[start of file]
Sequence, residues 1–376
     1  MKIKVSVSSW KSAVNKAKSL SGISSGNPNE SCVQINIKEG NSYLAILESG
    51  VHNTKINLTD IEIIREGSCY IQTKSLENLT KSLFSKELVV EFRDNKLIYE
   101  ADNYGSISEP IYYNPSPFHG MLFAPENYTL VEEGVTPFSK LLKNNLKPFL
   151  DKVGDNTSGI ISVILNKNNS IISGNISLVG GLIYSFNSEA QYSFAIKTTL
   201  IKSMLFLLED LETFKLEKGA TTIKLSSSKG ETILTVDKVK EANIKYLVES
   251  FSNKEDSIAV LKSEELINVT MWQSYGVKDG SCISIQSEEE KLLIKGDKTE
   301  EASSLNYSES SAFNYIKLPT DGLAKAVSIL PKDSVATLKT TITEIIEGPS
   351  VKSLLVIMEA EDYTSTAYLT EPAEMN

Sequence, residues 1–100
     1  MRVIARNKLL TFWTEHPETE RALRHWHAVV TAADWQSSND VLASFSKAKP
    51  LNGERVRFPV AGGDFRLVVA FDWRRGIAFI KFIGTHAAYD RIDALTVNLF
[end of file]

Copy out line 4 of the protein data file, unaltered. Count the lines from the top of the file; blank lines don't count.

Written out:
   101  ADNYGSISEP IYYNPSPFHG MLFAPENYTL VEEGVTPFSK LLKNNLKPFL